By Frank J. Rich
Every day most of us go to work. We do so with the expectation that what awaits us is familiar and within our ability to accomplish. The usual preparation notwithstanding, some of us keep a schedule of “continuing education” (CE) to ensure the competency we might otherwise take for granted. Apart from professionals, most of us find our own path to CE, either by personal study, structured programs, or by the hand of a coach. Common among all approaches is that we see opportunity in the exercise. I regularly read books, view CDs, and attend online seminars to achieve the same result.
Recently, I took such an opportunity at an association meeting my wife and I attended. The main purpose of the 2-day session was to prepare a strategic plan of sorts, and for this the association hired a professional management consultant to facilitate the process. I met him the night before the planning session was to begin. The more we spoke the clearer it became (at least in my humble view) that Andy had all of the right principles firmly in place, and that the collaborative results of the ensuing sessions would bear fruit. Andy Hoh was doing it right, and I was encouraged that my wife would be in good hands over the next two days.
A strategic plan is usually not something you can accomplish in just a couple of days. Few of us are capable of pulling together the thoughts that inform a realistic view of the future in the short span of a day or two. The competition, internal and market initiatives, resource development, and technology forecasting, to name a few, can be complex issues to plan. Consensus, which must follow, is not always a given under the circumstances.
I took the opportunity to join the group for a short segment of the sessions, having already reviewed what had gone before it with my wife. It was a good learning experience. Not only was Andy a capable facilitator, he was equipped with the knowledge of best practices, and a style that transferred it easily. Taking the opportunity to “check” the competition proved to be as valuable as I had hoped it would be.
Andy began by asking board members to visualize their future. It’s no surprise to discover the opportunity in our future when we take the time to consider it. You’ll see the same advice from Jack & Suzy Welch in their weekly column: “Start with a clear purpose and vision in mind.” A mission statement resulted. Next, he asked the most fundamental of all questions, “What do we want to accomplish more than anything else?” It’s the right stuff. It’s hard to know how to get somewhere if we don’t know where we’re going. As Andy listened to responses, he wrote them down on a flip chart and organized them on the walls of the room for easy reference. Why? Because “what’s not on paper turns to vapor.”
Andy moved quickly through the process, ever sensitive to the need to do “real work” and in the time allotted. Another honored principle was revealed—to do what you can, with what you’ve got, in the time you have—and gave needed perspective to the process. Right again! When Andy moved the discussion to goals he was careful to encourage specificity, measurability, attainability, realism, and targeted output. Few goals without these guidelines end in the desired results.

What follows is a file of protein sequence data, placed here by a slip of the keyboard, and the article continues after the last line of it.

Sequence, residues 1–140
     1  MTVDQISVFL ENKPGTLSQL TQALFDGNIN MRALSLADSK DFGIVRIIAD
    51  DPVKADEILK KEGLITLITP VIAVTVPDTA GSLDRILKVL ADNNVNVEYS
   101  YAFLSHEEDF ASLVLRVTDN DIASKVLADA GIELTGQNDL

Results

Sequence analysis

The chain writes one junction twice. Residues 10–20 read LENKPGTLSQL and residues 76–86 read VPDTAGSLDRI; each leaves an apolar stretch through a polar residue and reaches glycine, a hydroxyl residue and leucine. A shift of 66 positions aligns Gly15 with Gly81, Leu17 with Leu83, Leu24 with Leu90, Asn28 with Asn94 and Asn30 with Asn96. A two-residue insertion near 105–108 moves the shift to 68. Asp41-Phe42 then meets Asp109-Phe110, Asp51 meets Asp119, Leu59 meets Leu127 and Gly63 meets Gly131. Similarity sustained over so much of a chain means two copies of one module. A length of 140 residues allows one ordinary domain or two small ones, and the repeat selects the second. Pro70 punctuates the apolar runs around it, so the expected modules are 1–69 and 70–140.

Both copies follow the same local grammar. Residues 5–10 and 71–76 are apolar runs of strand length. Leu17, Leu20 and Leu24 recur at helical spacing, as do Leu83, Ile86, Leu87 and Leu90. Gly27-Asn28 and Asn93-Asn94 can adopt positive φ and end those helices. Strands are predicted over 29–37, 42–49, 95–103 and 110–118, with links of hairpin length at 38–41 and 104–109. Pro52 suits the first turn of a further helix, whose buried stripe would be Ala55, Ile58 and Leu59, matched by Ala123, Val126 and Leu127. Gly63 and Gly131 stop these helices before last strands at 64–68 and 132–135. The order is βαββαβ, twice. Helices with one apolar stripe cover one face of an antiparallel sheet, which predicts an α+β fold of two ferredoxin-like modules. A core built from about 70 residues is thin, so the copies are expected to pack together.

Organizational strengths and weaknesses were next; the stuff of opportunity. Without problem identity there can be no solution. We cannot solve a problem that doesn’t exist. Root cause analysis followed in an effort to avoid a cursory view of the opportunities for the association. Symptomatic failure is the number one reason for not achieving one’s goals. When we see blue lips on a friend, it’s fair to conclude that he is oxygen deprived. The same holds true for organizations. Without a careful analysis of the symptom (problem) we often throw good money after bad. Too many organizations are starving for oxygen.
After the strategies were in place it was time to put together an outline of the action plans for each of the strategic initiatives put forth by the team, a critical element of which is team building. This was a loosely constructed group of volunteers, not people with clear ties to an accountability system. It was necessary for Andy to do two things at this point: emphasize ownership of the goals and their outcomes, and encourage a spirit of teamwork that positioned team members’ success above their own. This may be the most significant accomplishment of any group effort because the yoking of determinant minds is like going against the goads.
Responsibility for tasks within each of the strategic initiatives was assigned, and the group concluded with an enthusiasm for the desired outcomes that I thought might not be impossible to achieve under the circumstances. They agreed to keep short accounts of progress in each area of development, and established a review and reporting mechanism to do so. On the way home my wife continued the discussions of the two days, reviewing for me the process and excitement in the opportunity to realize the mission of the association—unity and prosperity for all members.
Andy had done his job well. He had prepared the group to do the thinking and the doing of strategic planning. What an interesting idea—think about the future by looking at how we got to the present, then project a better future. I think we can all take a lesson from this story of planning for achievement.